We agree that falling life expectancy is an economic problem - just a different one

The Office for National Statistics tells us that lifespans aren't going to increase as we once thought they would. We agree entirely that this is an economic problem. It isn't, however, the one that such as Danny Dorling are screaming about.

Since we launched BRAVE NEW EUROPE we have stressed the violence of austerity. In 2013 David Stuckler and Sanjy Basu wrote a convincing book entitled “The Body Economic – Why Austerity Kills” concerning the short term effects upon health of austerity. In this article Danny Dorling and Stuart Gietel-Basten present arguments of how austerity kills long term.

Changes in life expectancy which are coincident with austerity (not that the UK has actually had any, government spending continues to rise in real terms) are not necessarily caused by austerity. This should be clear to any user of the scientific method - a group which may or may not include human geographers and sociologists.

What the ONS has actually said is:

Antibiotic resistance has caused a fall in life expectancy for the first time, the Office for National Statistics has said. 

Life expectancy in future years has been revised down after the statistics authority said that "less optimistic views" about the future had to be taken into account. 

Opinions on "improvements in medical science" had declined, it said, and fears of the "re-emergence of existing diseases and increases in anti-microbial resistance" meant people would not live as long as was previously expected.

We agree entirely that antibiotic resistance is an economic problem. In fact, it's a regulatory problem, we've got the regulations working against economic reality. We should thus change them in order to get them aligned of course.

The standard drug development incentive is the patent system. This is an economic solution to an economic problem, it costs a $ billion (less perhaps for an antibiotic) and a decade to get a new drug approved and once it is then anyone could (and would) copy it. Who would do this for no potential profit, it's a classic public goods problem. The answer is an artificial monopoly in the guise of that patent which protects for a decade of commercial life (20 years in full, minus regulatory approval time). Agreed, not a perfect system but a logical at least reaction to the basic public goods problem.

This does not work for antibiotics. For once a new one is developed we do not allow it to be widely used. We insist, instead and probably quite rightly, that it be held in reserve to only treat those infections which do not respond to the older treatments. That way we delay any build up of resistance to the new drug. But, obviously, we also deny the developers of the new antibiotic their chance to make their money back by widespread use of their new product.

Therefore few to no one develops new antibiotics. The problem here is in our economic system to deal with the public goods problem. We thus need a new one. No not for the entirety of the drug development system, just one to deal with this specific subset of it.

Purely by chance another discussion of the same basic point appeared concerning phages:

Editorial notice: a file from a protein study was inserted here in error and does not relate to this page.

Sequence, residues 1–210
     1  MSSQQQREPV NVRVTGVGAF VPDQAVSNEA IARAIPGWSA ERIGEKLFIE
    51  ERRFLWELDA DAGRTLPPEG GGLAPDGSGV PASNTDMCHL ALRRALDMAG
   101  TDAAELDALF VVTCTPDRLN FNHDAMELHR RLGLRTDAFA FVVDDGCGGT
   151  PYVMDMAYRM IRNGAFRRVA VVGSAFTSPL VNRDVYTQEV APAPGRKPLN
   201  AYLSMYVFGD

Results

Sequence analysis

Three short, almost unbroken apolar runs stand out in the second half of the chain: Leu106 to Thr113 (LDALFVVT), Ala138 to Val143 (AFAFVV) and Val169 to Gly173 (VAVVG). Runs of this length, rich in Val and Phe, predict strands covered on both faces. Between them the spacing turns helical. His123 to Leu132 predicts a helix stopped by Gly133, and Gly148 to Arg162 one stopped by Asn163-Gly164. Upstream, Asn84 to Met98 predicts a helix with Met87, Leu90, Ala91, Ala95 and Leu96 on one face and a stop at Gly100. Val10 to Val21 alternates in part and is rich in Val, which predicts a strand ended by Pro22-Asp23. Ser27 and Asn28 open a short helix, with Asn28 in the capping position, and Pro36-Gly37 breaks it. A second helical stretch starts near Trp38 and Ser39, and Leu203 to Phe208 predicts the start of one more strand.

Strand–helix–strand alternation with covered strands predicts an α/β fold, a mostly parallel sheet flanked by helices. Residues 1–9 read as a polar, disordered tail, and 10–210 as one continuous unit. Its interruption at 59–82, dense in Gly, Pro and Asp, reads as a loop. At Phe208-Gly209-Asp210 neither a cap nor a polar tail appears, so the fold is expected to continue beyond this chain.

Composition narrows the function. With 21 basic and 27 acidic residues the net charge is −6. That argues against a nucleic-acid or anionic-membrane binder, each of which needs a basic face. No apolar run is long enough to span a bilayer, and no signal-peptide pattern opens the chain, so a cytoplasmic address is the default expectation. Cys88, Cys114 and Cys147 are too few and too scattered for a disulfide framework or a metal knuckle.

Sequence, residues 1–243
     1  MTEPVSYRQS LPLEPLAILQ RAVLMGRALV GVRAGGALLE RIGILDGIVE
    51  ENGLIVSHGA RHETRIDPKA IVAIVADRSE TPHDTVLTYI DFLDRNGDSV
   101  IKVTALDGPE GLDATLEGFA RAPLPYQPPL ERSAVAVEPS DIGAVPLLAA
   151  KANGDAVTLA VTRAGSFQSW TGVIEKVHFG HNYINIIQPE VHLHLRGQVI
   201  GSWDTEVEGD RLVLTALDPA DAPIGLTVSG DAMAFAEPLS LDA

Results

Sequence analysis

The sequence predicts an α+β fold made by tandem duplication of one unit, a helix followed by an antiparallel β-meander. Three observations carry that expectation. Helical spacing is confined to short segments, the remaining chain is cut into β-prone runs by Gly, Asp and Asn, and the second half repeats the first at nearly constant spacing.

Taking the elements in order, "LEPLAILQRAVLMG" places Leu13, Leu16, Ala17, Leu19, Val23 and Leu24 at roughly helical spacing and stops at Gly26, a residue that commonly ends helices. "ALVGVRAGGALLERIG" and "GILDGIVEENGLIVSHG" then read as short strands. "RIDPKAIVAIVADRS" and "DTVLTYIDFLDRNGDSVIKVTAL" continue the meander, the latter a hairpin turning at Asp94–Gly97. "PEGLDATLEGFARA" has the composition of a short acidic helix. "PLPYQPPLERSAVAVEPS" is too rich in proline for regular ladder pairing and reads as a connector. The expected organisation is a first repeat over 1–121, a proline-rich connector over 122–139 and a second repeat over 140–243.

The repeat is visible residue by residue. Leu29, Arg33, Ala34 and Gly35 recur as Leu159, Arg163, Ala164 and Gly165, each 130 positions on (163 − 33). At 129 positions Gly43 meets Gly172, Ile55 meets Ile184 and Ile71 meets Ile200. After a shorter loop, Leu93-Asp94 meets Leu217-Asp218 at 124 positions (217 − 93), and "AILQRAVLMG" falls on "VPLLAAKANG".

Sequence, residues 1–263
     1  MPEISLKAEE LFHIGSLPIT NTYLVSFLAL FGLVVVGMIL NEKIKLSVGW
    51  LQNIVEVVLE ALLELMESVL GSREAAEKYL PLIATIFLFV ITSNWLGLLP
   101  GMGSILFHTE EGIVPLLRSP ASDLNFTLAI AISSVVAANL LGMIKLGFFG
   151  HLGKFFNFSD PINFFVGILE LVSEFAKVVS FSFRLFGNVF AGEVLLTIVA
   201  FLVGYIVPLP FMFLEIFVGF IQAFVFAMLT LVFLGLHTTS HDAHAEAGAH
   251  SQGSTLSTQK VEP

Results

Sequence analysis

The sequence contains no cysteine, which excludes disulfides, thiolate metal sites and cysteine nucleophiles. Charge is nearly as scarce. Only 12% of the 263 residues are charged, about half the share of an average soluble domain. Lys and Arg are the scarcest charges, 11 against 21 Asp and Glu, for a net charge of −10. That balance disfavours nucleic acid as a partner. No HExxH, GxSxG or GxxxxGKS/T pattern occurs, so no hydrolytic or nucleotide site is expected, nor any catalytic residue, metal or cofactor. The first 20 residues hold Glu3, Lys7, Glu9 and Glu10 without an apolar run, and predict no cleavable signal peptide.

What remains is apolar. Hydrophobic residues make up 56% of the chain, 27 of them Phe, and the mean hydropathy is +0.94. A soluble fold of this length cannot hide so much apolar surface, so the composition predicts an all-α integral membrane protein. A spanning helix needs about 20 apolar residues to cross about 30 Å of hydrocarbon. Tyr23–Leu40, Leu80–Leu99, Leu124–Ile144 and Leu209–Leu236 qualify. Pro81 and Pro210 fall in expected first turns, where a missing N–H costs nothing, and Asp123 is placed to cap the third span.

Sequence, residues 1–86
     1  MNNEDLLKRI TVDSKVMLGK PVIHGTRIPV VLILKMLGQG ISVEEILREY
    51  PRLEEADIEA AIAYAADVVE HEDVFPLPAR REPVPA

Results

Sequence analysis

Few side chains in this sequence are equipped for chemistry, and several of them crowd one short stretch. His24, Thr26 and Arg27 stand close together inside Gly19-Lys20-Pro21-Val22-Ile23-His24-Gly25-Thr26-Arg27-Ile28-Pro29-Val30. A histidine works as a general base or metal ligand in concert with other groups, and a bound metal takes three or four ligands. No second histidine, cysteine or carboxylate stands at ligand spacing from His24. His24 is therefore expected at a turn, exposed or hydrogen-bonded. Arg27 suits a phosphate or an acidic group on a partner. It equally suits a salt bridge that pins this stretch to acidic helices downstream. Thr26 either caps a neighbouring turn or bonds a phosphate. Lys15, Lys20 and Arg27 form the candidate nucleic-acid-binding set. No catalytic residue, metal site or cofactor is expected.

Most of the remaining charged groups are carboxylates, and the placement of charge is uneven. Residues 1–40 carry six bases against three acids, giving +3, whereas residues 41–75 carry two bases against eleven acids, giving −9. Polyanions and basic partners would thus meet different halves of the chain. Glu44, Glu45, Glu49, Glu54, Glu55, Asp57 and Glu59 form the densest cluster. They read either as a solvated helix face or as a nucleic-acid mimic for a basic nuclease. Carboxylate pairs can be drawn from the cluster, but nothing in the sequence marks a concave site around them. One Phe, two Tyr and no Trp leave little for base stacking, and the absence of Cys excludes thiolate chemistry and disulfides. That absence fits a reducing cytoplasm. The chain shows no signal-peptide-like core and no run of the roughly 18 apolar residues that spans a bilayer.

If you want to know why phage therapy has problems evolving in the US, the answer is just three letters: FDA.

As phages are in a continuing red-queen evolutionary game (running as fast as you can to stay in one place) with evolving bacterial defenses and specific phages can be specific to sub-species of bacteria, there is no way of making money in this game if you have to prove “efficacy” to the FDA before you sell your specific phage for a specific sub-species of bacteria that are continually evolving.

To play this game, we will need an automated system to speed up the evolutionary selection of lytic phages as the bacteria evolve with hundreds of variations on the shelf to cover the evolutionary options open to the bacteria. All these variations need instant approval, but that would create a finite risk that the zero risk tolerant FDA won’t allow.

In a Petrie dish of E. coli, you can add a lytic phage that will kill 99.9999% of the bacteria in a few hours but by the next day, the bacteria have evolved resistance to that phage. This is what that CRISPER cas9 gene editing system is all about as the bacteria evolve to cut up the virus meanwhile the phage is mutating and evolving methods of countering the defense.

This does not fit the FDA model for a simple specific chemical and billion dollar decade-long approval systems for each chemical. Changing the US FDA appears to be a near-impossible task and our only hope is that bacteria control system based upon phages will evolve with animal culture in some other country, without FDA interference, and then move to humans outside the US and then, after massive numbers of people go somewhere else to treat multi-drug resistant bacteria, we will consider real change.

Quite possibly an extreme view but note the basic underlying point again. Our regulatory structure, set up to deal with that economic public goods problem, isn't appropriate for the economic incentives in this specific space. The answer thus is to change the regulatory structure to more closely accord with economic reality, isn't it? 

We could even say that, as with Danny Dorling, government action is necessary. But it isn't thus true that the answer is for government to be spraying yet more on the welfare state, is it? Government just needs to be doing what it is doing rather better instead. Sadly, a much harder task.